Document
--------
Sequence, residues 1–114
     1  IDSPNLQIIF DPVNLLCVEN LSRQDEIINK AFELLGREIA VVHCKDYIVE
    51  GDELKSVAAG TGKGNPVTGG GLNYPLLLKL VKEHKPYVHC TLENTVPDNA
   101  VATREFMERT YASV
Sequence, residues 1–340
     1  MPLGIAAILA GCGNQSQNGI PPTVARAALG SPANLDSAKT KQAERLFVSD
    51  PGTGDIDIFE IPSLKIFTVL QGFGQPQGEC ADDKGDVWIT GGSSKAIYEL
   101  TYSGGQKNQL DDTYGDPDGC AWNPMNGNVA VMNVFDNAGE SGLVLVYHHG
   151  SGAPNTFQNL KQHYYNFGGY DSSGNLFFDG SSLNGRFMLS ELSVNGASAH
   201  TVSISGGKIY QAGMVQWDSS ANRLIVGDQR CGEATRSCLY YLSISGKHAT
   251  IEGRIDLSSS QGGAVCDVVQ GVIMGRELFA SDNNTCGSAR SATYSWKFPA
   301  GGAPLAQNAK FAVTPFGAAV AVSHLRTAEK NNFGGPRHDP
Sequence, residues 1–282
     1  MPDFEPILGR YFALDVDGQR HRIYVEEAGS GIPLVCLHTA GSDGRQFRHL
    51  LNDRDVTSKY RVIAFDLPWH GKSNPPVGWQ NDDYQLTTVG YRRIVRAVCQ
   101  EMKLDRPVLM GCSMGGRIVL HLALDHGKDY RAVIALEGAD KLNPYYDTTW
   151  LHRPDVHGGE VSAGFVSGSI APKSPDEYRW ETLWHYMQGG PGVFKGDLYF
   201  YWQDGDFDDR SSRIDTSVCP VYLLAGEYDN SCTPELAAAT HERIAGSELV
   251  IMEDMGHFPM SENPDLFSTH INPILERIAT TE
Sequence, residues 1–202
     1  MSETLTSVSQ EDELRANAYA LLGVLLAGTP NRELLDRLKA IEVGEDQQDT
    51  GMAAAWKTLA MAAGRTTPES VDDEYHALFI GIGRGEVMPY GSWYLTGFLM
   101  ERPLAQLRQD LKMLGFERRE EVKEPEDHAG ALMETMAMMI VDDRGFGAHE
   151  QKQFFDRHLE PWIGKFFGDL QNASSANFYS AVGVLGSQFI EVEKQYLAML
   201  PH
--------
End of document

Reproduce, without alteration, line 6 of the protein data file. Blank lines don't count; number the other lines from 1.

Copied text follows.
     1  MPLGIAAILA GCGNQSQNGI PPTVARAALG SPANLDSAKT KQAERLFVSD